Ensuring adequate nutrition for all is as important as ensuring the country's defence. The state shall regard the raising of the level of nutrition, and the improvement of public health, as among its primary duties. Food security depends mainly on domestic production of grain. We do not lack natural resources. Our potential is at least twice as much as we are currently producing. What we lack is political will. None of our politicians has ever set the target of achieving the full potential of our agriculture. Their thinking is still feudal. Agriculture and agriculturists are not their main concern. Management of the food economy should have two objectives; first, to increase grain production; and, second, to ensure its proper distribution. We have seen how our system has failed - both in the long run and the short term - to achieve higher productivity and production of grain. To sum up, the management of our food economy is in a mess. It is likely to worsen after the removal of quantitative restrictions on the import of farm products. To improve the situation, the government should take prompt and radical reform measures.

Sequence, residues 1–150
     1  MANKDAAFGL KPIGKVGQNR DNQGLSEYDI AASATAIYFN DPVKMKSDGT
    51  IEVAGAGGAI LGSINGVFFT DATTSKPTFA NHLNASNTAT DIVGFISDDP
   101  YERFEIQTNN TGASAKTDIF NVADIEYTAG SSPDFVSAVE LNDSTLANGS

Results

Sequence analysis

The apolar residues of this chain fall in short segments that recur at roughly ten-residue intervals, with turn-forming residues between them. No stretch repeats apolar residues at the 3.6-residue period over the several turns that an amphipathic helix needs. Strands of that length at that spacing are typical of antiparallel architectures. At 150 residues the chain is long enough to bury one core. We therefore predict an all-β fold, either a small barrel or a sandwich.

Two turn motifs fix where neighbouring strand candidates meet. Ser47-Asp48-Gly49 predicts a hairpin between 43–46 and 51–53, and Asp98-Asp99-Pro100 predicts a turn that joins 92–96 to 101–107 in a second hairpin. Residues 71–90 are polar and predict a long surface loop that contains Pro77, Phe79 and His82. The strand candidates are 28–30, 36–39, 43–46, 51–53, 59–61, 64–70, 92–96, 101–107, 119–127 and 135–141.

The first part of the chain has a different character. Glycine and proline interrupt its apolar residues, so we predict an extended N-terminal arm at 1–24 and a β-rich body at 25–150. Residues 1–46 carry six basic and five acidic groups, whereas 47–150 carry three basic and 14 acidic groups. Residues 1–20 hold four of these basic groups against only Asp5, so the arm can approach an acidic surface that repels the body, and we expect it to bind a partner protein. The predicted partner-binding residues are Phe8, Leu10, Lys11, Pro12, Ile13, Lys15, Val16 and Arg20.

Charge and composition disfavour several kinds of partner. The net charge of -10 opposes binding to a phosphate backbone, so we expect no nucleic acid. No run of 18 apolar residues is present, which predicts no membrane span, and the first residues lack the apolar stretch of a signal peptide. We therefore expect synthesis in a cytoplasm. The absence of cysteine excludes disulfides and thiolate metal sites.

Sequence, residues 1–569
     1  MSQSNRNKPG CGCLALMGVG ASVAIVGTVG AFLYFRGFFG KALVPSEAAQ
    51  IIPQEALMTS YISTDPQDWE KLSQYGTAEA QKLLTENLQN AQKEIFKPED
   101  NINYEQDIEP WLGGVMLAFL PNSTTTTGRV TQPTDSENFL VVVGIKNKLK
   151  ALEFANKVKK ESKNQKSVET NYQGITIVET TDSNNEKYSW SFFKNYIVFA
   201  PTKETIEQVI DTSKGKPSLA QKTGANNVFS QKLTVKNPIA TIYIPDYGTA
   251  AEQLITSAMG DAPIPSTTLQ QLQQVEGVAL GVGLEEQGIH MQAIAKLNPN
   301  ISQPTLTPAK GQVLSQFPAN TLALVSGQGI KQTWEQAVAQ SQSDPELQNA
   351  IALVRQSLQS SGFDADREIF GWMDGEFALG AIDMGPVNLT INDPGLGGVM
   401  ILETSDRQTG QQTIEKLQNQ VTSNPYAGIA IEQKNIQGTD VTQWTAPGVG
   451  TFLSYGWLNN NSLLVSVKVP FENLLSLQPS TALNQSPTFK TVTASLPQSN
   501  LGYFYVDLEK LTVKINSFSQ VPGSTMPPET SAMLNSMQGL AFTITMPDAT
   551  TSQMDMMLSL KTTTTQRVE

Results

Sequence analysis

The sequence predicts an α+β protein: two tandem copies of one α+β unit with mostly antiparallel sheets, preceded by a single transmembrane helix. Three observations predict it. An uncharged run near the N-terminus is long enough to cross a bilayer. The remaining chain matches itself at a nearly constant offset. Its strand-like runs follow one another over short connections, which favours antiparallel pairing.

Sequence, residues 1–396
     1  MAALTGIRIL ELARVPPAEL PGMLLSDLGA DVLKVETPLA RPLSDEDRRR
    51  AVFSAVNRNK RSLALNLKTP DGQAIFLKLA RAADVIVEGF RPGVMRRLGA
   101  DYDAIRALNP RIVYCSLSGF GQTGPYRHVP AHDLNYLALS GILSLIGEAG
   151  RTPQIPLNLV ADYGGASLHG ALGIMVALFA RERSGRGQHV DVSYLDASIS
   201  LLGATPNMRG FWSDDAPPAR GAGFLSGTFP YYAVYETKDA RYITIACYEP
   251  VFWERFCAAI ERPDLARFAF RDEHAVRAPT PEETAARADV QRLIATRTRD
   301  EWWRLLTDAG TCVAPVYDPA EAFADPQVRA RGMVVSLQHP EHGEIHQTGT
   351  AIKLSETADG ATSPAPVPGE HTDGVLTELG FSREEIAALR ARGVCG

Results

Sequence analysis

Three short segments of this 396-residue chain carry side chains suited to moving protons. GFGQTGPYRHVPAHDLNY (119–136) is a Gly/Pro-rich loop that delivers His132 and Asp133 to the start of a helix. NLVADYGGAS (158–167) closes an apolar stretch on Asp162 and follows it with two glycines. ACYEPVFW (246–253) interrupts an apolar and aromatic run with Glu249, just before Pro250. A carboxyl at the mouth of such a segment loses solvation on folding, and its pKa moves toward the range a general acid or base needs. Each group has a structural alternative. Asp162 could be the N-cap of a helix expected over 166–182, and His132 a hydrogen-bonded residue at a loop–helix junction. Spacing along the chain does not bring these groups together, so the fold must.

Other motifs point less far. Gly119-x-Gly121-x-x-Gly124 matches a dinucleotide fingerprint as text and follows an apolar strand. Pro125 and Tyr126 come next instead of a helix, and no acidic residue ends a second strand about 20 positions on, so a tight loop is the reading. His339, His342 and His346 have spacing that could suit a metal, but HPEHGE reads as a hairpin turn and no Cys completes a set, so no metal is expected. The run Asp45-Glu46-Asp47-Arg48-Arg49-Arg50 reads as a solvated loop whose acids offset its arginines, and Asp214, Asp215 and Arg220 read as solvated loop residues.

These, in turn, adversely affect the efforts of raising production and productivity. Therefore, all restrictions on movement, stocking, trading, credit by financial institutions, monopoly buying, processing and exports have to be removed to enable the farmers to take advantage of free market. It is not only illogical, but also immoral on the part of the government to plead, on the one hand, for globalisation of trade and, on the other, fail to create one unified national market for farm products within the country.